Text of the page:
Supporting oxygenation in acute respiratory failure.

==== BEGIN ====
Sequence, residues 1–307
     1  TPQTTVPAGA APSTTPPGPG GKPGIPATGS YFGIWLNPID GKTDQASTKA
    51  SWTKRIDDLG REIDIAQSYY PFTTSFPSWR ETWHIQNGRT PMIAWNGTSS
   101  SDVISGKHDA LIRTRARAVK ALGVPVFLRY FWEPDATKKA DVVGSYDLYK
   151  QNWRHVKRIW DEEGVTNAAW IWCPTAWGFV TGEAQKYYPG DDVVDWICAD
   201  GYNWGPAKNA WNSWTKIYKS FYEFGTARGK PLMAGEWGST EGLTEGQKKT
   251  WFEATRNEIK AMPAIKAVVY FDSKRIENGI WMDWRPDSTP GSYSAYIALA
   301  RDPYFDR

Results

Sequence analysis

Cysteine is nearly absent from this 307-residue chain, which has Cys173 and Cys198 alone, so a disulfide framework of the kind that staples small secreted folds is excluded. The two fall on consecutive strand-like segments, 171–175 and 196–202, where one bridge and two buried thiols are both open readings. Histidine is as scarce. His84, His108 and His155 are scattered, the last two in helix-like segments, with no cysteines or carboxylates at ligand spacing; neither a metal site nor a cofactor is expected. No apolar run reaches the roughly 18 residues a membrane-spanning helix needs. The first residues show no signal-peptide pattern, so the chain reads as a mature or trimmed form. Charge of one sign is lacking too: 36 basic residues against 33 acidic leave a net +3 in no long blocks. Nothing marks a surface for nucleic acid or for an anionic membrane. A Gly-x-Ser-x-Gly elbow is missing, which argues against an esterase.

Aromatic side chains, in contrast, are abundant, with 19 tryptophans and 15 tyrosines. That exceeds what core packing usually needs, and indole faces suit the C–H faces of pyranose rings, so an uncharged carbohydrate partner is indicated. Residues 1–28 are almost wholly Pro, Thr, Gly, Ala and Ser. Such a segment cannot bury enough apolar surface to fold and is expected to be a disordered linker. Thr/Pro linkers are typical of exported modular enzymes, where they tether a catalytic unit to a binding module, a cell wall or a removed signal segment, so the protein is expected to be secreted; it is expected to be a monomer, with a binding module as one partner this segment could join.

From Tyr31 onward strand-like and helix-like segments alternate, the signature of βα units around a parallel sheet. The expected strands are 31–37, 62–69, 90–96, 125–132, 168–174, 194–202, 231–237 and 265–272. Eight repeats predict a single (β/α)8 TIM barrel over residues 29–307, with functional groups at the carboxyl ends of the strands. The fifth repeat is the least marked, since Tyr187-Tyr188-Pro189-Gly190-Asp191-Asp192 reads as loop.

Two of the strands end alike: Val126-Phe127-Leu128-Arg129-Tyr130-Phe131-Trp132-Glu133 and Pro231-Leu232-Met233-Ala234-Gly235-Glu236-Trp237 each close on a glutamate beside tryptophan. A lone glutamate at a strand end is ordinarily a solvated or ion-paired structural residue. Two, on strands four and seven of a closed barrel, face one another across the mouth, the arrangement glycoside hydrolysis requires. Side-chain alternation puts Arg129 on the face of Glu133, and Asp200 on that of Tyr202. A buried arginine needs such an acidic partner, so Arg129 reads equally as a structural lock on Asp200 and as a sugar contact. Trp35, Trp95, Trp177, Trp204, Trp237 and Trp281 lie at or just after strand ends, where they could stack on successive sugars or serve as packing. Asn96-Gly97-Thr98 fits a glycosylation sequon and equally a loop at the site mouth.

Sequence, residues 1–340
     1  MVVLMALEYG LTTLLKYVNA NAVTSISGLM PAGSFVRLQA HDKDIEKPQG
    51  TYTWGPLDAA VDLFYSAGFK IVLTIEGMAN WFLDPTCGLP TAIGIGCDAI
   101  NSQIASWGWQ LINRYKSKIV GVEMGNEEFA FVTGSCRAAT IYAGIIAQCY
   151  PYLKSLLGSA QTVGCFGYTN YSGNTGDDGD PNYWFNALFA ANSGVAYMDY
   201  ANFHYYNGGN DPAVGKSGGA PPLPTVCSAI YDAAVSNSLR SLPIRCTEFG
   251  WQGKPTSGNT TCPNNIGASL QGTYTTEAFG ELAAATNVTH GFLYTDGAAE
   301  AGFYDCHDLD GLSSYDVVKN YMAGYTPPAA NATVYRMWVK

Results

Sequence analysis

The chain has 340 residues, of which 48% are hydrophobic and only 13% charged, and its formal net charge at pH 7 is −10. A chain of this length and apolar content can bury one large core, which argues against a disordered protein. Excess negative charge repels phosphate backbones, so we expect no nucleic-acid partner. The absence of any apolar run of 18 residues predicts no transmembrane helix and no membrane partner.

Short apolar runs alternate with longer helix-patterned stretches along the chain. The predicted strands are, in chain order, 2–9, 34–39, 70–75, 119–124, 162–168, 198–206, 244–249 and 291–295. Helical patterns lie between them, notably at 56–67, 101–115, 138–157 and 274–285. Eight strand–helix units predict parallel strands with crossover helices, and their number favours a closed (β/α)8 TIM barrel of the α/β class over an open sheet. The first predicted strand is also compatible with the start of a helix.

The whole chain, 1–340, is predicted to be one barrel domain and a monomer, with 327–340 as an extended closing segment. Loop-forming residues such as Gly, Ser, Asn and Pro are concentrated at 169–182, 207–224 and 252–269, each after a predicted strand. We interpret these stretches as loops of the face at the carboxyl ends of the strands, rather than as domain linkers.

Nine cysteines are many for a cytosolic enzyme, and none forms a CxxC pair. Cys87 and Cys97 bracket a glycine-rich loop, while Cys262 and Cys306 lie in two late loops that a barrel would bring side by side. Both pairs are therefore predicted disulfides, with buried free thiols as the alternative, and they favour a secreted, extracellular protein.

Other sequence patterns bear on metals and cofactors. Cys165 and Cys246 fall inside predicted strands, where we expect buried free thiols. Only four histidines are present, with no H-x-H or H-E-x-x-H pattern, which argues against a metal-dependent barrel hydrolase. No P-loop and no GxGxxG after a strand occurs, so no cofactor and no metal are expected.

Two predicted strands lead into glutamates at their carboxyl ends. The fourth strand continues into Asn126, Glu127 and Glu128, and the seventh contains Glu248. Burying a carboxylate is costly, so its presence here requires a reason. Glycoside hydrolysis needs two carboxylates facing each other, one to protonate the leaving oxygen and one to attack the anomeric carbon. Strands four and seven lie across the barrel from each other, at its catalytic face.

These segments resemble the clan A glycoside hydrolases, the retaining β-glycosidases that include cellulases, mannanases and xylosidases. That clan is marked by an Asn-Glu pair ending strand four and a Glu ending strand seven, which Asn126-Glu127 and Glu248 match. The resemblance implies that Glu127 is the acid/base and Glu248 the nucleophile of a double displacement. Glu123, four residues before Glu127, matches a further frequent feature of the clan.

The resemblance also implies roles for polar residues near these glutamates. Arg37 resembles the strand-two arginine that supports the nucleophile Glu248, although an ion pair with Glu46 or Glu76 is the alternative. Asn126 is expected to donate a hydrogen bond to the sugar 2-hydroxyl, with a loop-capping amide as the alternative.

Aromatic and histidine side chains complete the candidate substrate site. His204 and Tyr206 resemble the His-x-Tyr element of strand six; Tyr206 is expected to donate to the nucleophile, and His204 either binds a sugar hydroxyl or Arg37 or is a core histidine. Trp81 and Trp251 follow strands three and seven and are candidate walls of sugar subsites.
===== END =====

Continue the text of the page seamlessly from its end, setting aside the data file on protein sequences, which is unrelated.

Strategies to support oxygenation can cause substantial harm through lung stretch injury, oxygen toxicity, transfusion risks and cardiac over-stimulation. Traditional goals of maintaining near normal cardiorespiratory parameters are most likely overly simplistic and are insensitive and nonspecific for tissue hypoxic effects. In order to reduce iatrogenic harm, it is conceivable that clinicians could be comfortable with lower levels of arterial oxygen content (eg, oxyhemoglobin values of < 88%: so called "permissive hypoxemia"), provided that there are ways to effectively monitor tissue hypoxia. We can learn more about hypoxic compensatory mechanisms from the fetus and from high altitude residents. We also need to learn better ways of monitoring tissue oxygenation, especially in "mission critical" tissues. Ultimately clinical trials will be needed to determine appropriate oxygenation targets to allow permissive hypoxemia.
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